Saturday, July 21, 2012

Feature dissection and other 9th-week activities

Brooke and Wesley dissecting wall trenches in Area C.
Our ninth week is over, and only one week remains in the 2012 field season at Mission Escambe.  This week has seen a variety of activities, ranging from the careful dissection of intersecting wall trenches and other pit and trench features, the backfilling of a number of excavation units, a visit to UWF's Campus field school at the Thompson's Landing site, and a frustrating number of rainstorms at all hours, including more crew drenchings.

Four-way dissection of intersecting wall trenches.
Dissections of multiple features and feature sections.
The eight north-south wall trenches that are now known to intersect our 13-meter-long east-west wall trench in Area C represent quite a puzzle, and this week we finally began dissecting the intersections with two of these features.  This type of excavation is very intricate, involving the excavation of multiple and crossing bisects through the middle of each trench in an effort to discover whether one trench cut through the other (and if so which), or whether both were in use at the same time (which would be unlikely).  The pictures posted above and below here illustrate the complexity of this type of feature excavation, though this doesn't even begin to show the amount of paperwork and maps and individual provenience bags and tags that must be filled out for each and every section as excavation progresses.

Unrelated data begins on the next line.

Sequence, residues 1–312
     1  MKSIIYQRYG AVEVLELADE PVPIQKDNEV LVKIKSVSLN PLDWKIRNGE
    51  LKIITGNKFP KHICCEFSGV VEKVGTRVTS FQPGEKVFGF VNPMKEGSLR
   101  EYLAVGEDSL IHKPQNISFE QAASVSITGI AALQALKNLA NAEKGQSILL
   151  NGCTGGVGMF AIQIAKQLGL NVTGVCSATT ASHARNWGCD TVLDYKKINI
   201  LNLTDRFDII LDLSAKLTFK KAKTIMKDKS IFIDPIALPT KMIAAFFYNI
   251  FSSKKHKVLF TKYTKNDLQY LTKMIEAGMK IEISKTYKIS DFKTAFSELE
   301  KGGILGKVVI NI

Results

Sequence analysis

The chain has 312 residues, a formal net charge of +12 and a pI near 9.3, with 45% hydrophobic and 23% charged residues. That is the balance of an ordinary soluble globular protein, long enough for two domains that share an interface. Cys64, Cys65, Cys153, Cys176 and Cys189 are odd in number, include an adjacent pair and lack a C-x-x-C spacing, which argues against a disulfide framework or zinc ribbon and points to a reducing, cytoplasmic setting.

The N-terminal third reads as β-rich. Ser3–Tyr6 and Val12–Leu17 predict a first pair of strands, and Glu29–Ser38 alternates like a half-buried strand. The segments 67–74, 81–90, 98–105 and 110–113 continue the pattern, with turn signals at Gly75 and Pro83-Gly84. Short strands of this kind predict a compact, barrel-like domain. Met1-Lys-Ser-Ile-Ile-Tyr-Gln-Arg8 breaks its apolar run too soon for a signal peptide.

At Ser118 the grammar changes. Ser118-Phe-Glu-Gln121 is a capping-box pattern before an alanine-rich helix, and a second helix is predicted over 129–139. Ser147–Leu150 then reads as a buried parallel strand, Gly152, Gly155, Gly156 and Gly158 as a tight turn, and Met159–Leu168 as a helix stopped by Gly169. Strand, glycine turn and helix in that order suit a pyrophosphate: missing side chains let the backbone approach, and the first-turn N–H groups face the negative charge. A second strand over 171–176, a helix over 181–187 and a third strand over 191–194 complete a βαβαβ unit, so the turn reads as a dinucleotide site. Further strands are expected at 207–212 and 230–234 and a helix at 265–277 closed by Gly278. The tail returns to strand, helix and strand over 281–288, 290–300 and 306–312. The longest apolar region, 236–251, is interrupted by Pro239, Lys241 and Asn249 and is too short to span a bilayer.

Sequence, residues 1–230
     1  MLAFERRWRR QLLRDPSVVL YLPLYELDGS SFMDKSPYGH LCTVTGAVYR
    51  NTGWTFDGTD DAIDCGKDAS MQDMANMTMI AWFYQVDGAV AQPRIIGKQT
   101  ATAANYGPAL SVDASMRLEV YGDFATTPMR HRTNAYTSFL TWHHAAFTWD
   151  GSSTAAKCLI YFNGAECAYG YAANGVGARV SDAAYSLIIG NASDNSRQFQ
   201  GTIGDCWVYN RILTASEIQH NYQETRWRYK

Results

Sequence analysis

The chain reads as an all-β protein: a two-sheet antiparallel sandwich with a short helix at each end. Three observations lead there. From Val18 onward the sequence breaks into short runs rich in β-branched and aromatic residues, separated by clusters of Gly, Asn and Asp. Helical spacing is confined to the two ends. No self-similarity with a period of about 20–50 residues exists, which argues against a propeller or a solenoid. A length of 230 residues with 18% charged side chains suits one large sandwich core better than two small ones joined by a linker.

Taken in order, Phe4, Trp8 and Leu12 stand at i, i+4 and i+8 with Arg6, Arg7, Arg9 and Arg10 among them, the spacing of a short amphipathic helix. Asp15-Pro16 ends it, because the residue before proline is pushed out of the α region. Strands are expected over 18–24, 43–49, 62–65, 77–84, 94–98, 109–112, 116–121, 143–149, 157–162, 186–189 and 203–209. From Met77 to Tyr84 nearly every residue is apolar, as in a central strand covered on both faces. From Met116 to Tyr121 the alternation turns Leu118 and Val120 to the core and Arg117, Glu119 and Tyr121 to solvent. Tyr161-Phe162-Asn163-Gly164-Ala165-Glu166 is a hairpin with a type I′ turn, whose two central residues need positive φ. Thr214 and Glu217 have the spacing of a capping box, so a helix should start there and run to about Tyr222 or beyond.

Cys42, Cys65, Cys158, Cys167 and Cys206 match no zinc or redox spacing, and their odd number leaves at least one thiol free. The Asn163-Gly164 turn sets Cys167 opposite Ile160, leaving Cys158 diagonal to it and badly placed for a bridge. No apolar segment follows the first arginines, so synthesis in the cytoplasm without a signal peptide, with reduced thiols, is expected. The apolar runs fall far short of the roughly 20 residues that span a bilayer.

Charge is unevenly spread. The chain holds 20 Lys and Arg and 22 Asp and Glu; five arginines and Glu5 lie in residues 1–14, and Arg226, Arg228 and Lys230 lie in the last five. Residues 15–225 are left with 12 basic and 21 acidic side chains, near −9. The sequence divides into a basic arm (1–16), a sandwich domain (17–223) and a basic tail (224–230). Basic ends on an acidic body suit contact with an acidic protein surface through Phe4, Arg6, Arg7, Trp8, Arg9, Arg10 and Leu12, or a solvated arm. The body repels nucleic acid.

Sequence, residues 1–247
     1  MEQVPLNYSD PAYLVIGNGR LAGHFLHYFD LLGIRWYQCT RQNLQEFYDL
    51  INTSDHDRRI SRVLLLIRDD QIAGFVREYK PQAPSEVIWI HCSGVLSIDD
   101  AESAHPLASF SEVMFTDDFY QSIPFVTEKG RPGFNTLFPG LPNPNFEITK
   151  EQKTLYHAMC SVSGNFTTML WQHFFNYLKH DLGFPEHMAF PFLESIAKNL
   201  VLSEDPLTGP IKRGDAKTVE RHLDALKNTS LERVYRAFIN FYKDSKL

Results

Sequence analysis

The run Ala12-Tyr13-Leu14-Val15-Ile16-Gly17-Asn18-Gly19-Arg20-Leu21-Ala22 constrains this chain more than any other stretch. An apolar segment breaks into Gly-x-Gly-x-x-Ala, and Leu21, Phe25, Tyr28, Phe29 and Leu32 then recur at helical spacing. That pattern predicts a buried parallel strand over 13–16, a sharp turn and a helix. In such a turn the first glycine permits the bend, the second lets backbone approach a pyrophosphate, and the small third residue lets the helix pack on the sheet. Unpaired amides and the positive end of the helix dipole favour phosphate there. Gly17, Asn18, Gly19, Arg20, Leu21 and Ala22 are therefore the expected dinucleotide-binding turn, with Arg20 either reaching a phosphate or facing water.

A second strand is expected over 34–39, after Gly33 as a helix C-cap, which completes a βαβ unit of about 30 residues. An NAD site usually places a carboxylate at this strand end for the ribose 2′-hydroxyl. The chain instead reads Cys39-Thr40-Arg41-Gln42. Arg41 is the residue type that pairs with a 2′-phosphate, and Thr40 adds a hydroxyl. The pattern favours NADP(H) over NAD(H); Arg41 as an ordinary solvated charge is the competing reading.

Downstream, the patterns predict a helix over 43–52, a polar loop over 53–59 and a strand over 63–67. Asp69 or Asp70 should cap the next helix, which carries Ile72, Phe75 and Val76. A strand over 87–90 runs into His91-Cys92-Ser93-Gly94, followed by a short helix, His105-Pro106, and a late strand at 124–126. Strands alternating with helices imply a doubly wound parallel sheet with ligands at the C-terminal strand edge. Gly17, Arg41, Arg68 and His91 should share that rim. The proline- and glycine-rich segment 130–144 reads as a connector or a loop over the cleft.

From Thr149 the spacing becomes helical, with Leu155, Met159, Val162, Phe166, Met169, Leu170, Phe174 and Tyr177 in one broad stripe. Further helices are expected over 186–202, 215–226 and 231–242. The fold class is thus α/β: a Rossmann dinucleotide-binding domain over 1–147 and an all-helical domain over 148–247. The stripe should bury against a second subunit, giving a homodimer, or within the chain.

Profile shot of excavated deep wall trench.
By week's end, however, two of these north-south trenches are showing signs that they may be two parallel walls of the same structure.  They are parallel and just over 7 meters apart from one another, and both are deep and flat-bottomed and filled with darker fill than the shallower east-west trench they intersect.  They also both seem to show a possible intrusive shallow upper trench within their fill, marked by thin layers of waterlain sand at the top (see photo just above).  This conclusion is preliminary, but we should know more next week before we have to conclude all excavations and backfill our remaining units.

A few additional shots of people and artifacts follow.

Michelle documents some water damage from a massive storm.
Incised rimsherd found within a shallow feature.
A good argument for fine-screening: bits of majolica glaze.
Brooke pouring backfill into a lined unit.
A visitor to the site: a "lubber" grasshopper.
Dr. Gougeon explains his excavations at Thompson's Landing.

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